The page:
However, by collecting a fee out of each transaction you make on their site, e-commerce storefronts take a significant cut of your profit with each sale.

That might be a problem from a bookkeeping standpoint because the deposits that show up in your bank account are net sales rather than gross sales.

That’s because the platform has already taken its cut and then deposited the funds in your account.

To correctly show this in your books, make a note of the gross sales, then subtract the final money deposit from it to arrive at merchant fees.

2) Using tools and Issuing Refunds

Third-party platforms and services such as payment processors (such as Stripe and PayPal) can make recordkeeping more difficult.

This is especially true when it comes to tracking returns and exchanges.

For example, if you sell through Shopify, Stripe handles the payment (and there will be a merchant fee as previously stated).

If your customer returns an item a week later, where does the return get recorded? You might run into tracking difficulties if you use several tools.

As you will be asking yourself “Is Shopify or Stripe keeping track of the return? Was it registered more than once in your accounting records?”

It’s important to note that many payment processors (including Stripe) will not refund the merchant fee you paid just because a client returns an item.

That money is gone from your business and must be recorded accordingly in your accounting records.

3) Inventory Status on Multiple Sales Channels

most of the eCommerce platforms have inventory management built in. This makes it simple to keep track of and handle inventory for internet purchases through your store.

However, if you sell on multiple platforms online for example, on your own Shopify store as well as on Amazon (which is a common situation nowadays).

You’ll be “locked-in” to your platform if you don’t give inventory tracking for outside sales. As a consequence, Shopify’s inventory management will ignore your Amazon purchases.

When you have an inventory management system that works with your products, it’s critical to have a single location where you can keep track of your stock. Whether or not it updates your books automatically, having one central place to keep track of inventory is critical.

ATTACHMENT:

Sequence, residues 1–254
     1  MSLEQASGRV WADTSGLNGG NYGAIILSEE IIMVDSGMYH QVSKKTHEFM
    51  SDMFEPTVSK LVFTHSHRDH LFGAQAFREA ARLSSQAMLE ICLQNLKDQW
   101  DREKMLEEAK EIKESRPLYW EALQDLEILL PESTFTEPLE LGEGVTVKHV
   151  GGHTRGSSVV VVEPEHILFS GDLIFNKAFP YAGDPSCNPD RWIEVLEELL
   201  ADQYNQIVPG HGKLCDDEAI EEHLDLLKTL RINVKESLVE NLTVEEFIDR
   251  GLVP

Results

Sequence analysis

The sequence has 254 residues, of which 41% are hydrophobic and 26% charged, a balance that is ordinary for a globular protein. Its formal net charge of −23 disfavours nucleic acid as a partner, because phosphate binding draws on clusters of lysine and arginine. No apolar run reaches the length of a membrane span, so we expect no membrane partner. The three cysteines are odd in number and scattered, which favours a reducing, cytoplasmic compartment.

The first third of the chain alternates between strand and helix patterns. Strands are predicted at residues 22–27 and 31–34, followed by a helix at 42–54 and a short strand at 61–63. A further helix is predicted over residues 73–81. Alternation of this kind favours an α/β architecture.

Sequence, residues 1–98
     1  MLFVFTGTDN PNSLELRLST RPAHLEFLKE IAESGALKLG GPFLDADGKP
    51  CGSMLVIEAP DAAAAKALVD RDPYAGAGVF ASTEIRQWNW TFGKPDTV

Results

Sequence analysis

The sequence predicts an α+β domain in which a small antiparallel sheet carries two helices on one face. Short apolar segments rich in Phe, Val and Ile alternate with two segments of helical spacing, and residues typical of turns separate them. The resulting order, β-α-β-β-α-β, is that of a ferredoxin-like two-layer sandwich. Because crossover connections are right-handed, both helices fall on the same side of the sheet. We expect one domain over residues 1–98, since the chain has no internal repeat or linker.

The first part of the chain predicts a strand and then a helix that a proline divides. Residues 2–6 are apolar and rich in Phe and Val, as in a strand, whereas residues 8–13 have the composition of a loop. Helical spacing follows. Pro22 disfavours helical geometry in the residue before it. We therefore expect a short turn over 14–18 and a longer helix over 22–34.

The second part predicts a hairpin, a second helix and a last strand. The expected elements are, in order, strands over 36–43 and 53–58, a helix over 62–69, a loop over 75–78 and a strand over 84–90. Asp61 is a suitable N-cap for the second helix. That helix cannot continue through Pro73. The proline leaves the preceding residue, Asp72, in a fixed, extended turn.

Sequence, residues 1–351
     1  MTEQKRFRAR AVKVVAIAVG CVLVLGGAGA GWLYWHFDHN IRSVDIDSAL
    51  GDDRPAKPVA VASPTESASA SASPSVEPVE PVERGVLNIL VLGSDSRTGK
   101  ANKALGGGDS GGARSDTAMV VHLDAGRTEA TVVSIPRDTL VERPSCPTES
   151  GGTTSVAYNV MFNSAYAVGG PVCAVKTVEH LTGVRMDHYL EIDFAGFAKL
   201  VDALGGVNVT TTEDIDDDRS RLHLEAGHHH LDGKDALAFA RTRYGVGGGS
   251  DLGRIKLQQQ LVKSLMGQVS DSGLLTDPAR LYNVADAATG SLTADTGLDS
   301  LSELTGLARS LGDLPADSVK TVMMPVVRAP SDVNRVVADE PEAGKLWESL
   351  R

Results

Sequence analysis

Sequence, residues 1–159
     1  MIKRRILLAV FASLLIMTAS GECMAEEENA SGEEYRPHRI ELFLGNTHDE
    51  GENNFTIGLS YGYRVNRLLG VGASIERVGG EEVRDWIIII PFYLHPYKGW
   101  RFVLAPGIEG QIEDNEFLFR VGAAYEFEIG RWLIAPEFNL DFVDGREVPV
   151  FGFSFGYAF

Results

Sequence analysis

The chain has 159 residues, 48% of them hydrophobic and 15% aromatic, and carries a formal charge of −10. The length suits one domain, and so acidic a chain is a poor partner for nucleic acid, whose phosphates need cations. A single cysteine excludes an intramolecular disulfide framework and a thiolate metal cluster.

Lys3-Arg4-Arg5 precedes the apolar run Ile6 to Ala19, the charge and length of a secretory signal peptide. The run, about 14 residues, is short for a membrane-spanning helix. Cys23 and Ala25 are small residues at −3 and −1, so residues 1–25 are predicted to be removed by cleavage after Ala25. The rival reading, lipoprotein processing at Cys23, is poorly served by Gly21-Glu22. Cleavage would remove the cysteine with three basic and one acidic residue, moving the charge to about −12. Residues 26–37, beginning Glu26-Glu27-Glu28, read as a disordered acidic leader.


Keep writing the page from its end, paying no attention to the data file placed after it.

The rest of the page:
A bookkeeper can use that information to keep track of sales, returns, and restocks in your books if you choose to work with one.

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4) Ecommerce Bookkeeping for Alternative Sales

Customer credit cards account for the bulk of your income, but you may still choose to accept alternative payment methods (particularly if you also offer in-person services).

In addition to credit, some eCommerce systems can track sales generated by cash, check, and gift cards.

If you want to accept those payment options, make sure your solution is compatible with them.

The prospect of providing additional payment options to your clients is appealing, but keeping track of them from a bookkeeping standpoint may be more difficult.

Note: If you get a payment in cash or check, the sale will not be recorded fully in your books until you deposit that money into your bank account.

A typical sale means someone pays you and you give them a gift card at the same time.

Because you haven’t exchanged anything yet, this money inflow is recorded as unearned revenue in your accounting records. You may account for the untaxed revenue on your income statement when the gift card is used.

5) Foreign Sales

Ecommerce allows you to sell items in various countries and many eCommerce platforms make it simple to sell in multiple currencies.

When you export and deliver goods to foreign nations, though, your accounting books may need further information to reconcile the transactions.

When you’re preparing to exit your business, understanding all of the technicalities involved can be overwhelming.

For example, if you’re selling in a foreign currency and your gross sales are made up of both transaction fees and merchant expenses, you’ll need to know how much each translates to in local currency to reconcile the sale with the ultimate deposit to your

That conversion might occasionally result in a discrepancy between the foreign sale and the final deposit in your account.

When this happens, the difference must be recorded in your books as a “gain or loss on foreign exchange.”

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6) Recording Shipping Fees

Shipping and delivery costs are another source of debate.